Inspecting the Content Security Policy of a Website
Starting in Firefox 41, Mozilla provides a developer tool that allows users to inspect the security settings of a website. Using GCLI (Graphic Command Line Interface) a user can inspect the Content Security Policy (CSP) of a website. CSP is a security concept that allows websites to protect themselves against cross-site scripting (XSS) and related attacks. CSP allows website authors to whitelist approved sources from which content can be loaded safely. Browsers enforce that Content Security Policy header and only allow whitelisted resources to be loaded into that website. The CSP inspection tool » security csp lists all whitelisted sources.
The main intention behind CSP is to protect websites against XSS attacks, but the protection needs to be deployed in a way that allows support for legacy code on these sites. For example, the keyword ‘unsafe-inline’ was originally introduced to support legacy inline scripts while transitioning sites to use CSP. This keyword whitelists all inline scripts for a site, but it also allows attacker-injected scripts to execute, making CSP ineffective against most XSS attacks. Hence, the CSP devtool not only lists all whitelisted sources, but also provides a rating for each whitelisted source, to indicate the level of protection.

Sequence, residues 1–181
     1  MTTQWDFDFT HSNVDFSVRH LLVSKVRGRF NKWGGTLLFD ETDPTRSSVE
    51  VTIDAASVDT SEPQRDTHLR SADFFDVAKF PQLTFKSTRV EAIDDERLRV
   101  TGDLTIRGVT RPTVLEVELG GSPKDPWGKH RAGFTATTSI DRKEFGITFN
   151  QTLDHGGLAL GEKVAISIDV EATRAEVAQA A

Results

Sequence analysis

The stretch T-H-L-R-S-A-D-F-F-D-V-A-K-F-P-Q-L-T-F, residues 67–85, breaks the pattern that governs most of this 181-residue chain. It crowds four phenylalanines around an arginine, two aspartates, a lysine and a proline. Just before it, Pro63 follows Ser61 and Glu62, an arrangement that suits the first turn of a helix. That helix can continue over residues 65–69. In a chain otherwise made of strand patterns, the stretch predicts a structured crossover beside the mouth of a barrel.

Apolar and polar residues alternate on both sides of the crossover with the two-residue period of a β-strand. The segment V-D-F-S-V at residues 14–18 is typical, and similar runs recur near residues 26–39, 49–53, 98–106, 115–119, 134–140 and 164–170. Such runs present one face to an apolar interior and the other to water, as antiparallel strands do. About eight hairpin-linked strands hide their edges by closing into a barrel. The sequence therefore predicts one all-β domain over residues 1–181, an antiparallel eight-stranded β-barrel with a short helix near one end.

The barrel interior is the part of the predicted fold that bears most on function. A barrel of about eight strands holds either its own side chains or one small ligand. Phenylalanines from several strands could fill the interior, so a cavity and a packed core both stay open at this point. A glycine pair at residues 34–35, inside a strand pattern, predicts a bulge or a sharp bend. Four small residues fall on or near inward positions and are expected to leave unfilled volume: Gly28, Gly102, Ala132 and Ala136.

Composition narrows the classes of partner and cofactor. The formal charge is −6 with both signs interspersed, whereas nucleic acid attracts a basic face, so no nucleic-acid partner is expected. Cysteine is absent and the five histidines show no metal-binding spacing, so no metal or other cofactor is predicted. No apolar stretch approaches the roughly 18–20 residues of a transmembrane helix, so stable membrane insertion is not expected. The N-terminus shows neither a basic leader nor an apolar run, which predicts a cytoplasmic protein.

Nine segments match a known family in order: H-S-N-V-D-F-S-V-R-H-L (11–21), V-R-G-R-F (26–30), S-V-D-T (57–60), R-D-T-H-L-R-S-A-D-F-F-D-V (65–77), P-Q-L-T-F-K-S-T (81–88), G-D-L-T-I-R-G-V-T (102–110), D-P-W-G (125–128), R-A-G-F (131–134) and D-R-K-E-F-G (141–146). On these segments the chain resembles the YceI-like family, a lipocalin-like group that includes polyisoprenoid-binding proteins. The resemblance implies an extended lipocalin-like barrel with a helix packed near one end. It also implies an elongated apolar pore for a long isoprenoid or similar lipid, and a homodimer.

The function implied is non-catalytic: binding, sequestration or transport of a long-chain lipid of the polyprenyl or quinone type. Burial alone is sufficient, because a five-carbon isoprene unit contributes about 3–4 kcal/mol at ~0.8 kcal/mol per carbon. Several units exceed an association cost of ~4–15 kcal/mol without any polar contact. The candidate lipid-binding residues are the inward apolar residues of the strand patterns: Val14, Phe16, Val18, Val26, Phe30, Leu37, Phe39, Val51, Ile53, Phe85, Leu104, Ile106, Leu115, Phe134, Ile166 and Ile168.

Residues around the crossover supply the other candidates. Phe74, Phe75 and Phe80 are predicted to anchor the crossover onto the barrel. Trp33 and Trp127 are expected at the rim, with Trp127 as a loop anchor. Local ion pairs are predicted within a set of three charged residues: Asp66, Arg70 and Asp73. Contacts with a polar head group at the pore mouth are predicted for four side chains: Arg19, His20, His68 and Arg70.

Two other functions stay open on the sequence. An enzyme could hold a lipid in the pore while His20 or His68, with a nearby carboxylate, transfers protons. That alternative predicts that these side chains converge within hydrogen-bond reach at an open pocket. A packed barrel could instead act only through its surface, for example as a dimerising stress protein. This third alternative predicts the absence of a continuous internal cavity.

Inspecting the referrer policy of a website
Starting in Firefox 43, Mozilla exposes more website privacy settings and also allows users to inspect the Referrer Policy » security referrer. The referrer policy allows websites to exercise more control over the browser’s referrer header. Specifically it allows website authors to instruct the browser to strip the referrer completely, reveal it only when navigating within the same origin, etc. The referrer devtool provides an example of what referrer will be used when visiting different websites, allowing the user and developer to inspect what information is sent when following a link.
Inspecting the Content Security Policy as well as the Referrer Policy is only the starting point to providing end users with more feedback about the security and privacy settings a web page uses. We hope to add more tools in the future to give users more transparency and control over the security and privacy of the websites they visit.
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